In our gospel text, the man thinks he is ready to commit, to do whatever Jesus tells him to – perhaps he thinks there is a simple exercise to complete, or some parchment that needs to be signed, or some final steps to be checked off a list. Because if he can just do something, then he is home free. “…tell me what to do, I’ll do anything you want, just give me this thing I want or need.”
            Like many Jews of Jesus’ time, the man probably thought of his wealth as a sign of God’s blessing. Not only a sign for him but also a sign to those around him. “Here I am. Blessed by God.” We are not all that different.
            What do you love so much that you might put it above relationship with God and all that God is offering you?
Rather than blessing, Jesus sees this thing as the impediment it truly is.
                At the heart of this gospel, we remember that Jesus looked at this man, and loved him. Love is a way of seeing, and in loving the young man, Jesus sees him as he truly is, but in a way that the man is not yet capable of seeing for himself. Jesus loves him AS HE IS, while this man seems to think there is more he must do.
            Jesus wants him to have life, but lets him know that it is his own attachments that prevent him from finding fullness of life.
            What is it in your life to which you might be clinging? What is the sword upon which you would fall, the thing you just can’t imagine giving up? What might you be tempted to turn away and pursue, rather than accepting Jesus’ invitation? Is it material? Intellectual? Relational?
            Jesus is inviting us, too, to let go. Whether we do or we don’t Jesus is still loving us, still caring for us, always desiring the best for us, and continuing to call us to follow. Jesus looks lovingly at the young man, at us, and awaits for us, waiting for us to know the joy and full life of discipleship.


Tuesday, October 6, 2015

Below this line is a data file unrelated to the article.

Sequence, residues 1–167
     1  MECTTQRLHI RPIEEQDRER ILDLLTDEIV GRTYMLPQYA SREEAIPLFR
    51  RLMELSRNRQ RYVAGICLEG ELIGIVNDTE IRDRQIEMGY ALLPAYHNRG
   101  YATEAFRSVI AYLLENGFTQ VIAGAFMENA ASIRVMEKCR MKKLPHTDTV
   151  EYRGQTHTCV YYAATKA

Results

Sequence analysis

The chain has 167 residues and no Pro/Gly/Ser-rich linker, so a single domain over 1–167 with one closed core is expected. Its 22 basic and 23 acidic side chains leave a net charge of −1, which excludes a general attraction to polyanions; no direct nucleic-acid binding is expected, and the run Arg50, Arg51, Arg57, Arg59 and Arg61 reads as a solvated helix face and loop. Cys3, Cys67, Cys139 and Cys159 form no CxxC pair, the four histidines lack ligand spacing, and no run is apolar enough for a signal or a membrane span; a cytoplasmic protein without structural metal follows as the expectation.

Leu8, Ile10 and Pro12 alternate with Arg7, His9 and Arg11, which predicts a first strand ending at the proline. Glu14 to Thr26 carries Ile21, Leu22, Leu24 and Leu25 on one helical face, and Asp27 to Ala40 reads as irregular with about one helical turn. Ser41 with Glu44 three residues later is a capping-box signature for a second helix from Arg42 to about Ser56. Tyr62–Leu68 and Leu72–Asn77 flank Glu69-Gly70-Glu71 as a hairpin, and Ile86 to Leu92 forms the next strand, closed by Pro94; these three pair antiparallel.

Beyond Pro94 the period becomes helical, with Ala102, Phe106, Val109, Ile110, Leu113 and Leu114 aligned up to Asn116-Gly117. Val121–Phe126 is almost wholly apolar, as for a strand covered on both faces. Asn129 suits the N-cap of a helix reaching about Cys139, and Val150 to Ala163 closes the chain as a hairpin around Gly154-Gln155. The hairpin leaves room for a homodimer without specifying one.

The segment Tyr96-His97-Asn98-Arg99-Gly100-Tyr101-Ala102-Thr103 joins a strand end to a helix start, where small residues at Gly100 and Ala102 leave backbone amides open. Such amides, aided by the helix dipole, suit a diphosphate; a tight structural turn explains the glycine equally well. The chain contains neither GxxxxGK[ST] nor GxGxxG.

Christmas Creche, Creatures, and Stewardship

Mark 10:2-16, Genesis 2:18-24
I have to confess that I am a fan of St. Francis of Assisi. I mean, who wouldn’t love a man who gives up the benefits of class and wealth in order to have a closer relationship with God? What is there not to admire about a man who commits to a life devoted to healthy relationship with God and neighbor? Who wouldn’t love a man who purportedly spoke to the birds, made friends even with wild animals, and embraced a God-centered ethic of love and peace?
Most notably, in case none of that impresses you, who wouldn’t love the man responsible for Christmas pageants and the Christmas crèche – those nativity scenes we display at Christmas? Though I must say the Francis who embraced a life of simplicity and even austerity would probably be stunned and horrified by many of the garish, commercialized offerings of the nativity already on display in stores this first weekend of October.
Today is the feast day of St. Francis of Assisi, a man who is identified as a renewer of the faith, and is also known for his great love and care for creation.
While we Lutherans do not worship the saints, nor do we pray to them as intercessories, we do honor them for the vision they offer of what the life of faith might look like. We consider what they can teach us about how a living relationship with God and how faith-full life – within which relationship with God is at the core of our being and the center of our decisions and behavior - might be experienced.
We remember the stories of the various named saints as their feast days approach and we recall that by God’s love and mercy, each of us is a saint of God too, named as such through our baptism, a fact that we will celebrate soon, on all Saints Day.
Francis of Assisi is a favorite among the saints, especially for peacemakers, tree huggers, and animal lovers. He is a frequent resident of both home and garden in statuary and artistic form. His gift to humankind was his love of God as he experienced God in all creation.